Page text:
Electrical Safety in the workplace: Not to be taken lightly

Electricity plays an important role in our everyday lives, however, the risks associated with the use of electricity are often unknown or overlooked. When electricity is not managed properly it can have very serious consequences to people’s health and wellbeing.

When a person comes into contact with live electricity, an electric current passes through the body that result in shock and burns to both internal and external tissues and can cause serious damage to internal organs.

The severity of electric shock is dependent on a range of factors, such as voltage, contact time, type of current and the path of the current. In every workplace there are countless electrical hazards, with each having their own varying degree of risks. Some workplaces and professions are exposed to severe electrical hazards on a daily basis, while other workplaces are exposed to much smaller electrical risks.

Regardless of the workplace, electrical safety should always be treated with additional care, due to the seriousness of the consequences.

Those who work directly with electricity or on live electrical equipment innately carry the most risk. These can include engineers, electricians and overhead line workers, who often are required to install and repair, conduct testing and/or complete inspections and maintenance on electrical equipment.

Control Measures

There are countless safeguards used in workplaces to mitigate electrical risks and allow workers to safely complete tasks. Examples of this include:

· No Live Work policy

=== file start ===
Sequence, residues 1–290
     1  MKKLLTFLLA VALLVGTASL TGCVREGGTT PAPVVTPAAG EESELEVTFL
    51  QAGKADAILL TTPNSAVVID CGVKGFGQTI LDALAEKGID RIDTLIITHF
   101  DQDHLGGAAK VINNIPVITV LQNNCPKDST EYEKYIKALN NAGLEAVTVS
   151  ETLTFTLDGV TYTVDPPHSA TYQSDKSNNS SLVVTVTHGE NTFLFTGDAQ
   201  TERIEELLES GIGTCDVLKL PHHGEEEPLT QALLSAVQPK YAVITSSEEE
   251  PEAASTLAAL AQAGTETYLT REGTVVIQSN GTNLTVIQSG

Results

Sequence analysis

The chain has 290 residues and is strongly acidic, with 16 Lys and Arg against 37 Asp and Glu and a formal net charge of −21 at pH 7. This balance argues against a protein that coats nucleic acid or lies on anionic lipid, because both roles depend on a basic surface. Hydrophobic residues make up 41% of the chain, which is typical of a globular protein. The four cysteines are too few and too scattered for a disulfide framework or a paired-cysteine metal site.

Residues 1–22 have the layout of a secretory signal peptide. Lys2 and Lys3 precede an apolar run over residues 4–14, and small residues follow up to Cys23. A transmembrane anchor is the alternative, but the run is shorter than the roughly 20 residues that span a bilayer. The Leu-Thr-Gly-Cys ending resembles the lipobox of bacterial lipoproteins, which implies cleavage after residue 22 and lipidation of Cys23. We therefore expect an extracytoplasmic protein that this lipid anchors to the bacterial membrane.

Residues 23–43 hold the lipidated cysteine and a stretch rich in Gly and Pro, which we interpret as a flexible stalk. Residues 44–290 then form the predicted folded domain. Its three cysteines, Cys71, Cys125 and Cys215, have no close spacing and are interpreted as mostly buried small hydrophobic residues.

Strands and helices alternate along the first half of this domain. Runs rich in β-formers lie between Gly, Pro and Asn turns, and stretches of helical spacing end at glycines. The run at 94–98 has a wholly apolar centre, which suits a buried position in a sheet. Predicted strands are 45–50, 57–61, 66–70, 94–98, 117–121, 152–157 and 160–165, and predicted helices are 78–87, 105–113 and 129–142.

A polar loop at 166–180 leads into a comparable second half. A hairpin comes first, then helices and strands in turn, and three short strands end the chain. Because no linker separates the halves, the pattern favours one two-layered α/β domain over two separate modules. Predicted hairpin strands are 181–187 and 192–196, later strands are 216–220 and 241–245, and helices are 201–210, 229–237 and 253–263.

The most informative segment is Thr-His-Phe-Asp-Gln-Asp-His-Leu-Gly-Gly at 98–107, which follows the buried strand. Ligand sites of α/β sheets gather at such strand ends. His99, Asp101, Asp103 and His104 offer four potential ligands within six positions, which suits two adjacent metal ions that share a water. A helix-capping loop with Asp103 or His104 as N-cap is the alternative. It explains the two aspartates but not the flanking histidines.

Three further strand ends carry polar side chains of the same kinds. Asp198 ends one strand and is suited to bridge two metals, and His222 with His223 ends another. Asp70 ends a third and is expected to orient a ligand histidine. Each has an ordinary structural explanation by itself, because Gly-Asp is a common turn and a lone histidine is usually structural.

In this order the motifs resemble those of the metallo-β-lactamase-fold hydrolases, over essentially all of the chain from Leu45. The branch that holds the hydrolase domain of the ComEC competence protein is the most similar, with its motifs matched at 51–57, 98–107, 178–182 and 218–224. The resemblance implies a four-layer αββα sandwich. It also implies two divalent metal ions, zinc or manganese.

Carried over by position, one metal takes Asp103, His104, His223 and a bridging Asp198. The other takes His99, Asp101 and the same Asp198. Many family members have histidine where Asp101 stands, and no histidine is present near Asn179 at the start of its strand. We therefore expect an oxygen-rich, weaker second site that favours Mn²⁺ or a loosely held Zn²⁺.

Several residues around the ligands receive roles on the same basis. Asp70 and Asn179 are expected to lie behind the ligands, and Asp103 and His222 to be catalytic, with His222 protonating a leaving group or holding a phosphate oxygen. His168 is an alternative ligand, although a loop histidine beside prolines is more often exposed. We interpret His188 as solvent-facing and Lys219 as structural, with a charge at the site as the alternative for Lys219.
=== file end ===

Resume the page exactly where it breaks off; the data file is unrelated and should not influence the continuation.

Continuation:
· Testing for Dead

· Inspecting electrical equipment condition prior to use

· Conducting work within safe zone of power lines

· Ensure workers have relevant training and licenses

· Grounding electrical equipment

· Install RCDs

· Ensuring power boards are not overcrowded

· Wearing correct PPE

· Using lead stands

· Insulating tools and equipment

Testing and Tagging

Another safeguard that is used to protect against hazards is testing and tagging of electrical equipment. This requires a competent person/electrician to inspect electrical equipment, to ensure that it is in good working condition.

The Australian standard ‘Inspection and testing of electrical equipment’ requires electrical equipment to be tested and tagged at specific intervals. The standard takes into account the type of workplace and the conditions that the workplace is faced with when assigning the testing frequencies (see below).

As you can see, different workplaces require different testing frequencies for RCDs and electrical equipment. Warehouses require more frequent testing when compared to an office based or residential environment, while constructions sites and hire equipment require testing and tagging every 3 months.

Each workplace faces different electrical hazards, requiring different levels of consideration and control measures. While the approach may change from workplace to workplace, it is important that the outcome is the same. A safe workplace for all.

If you would like further guidance in managing electrical safety in your workplace check out resources from SafeWork NSW and Safe Work Australia.

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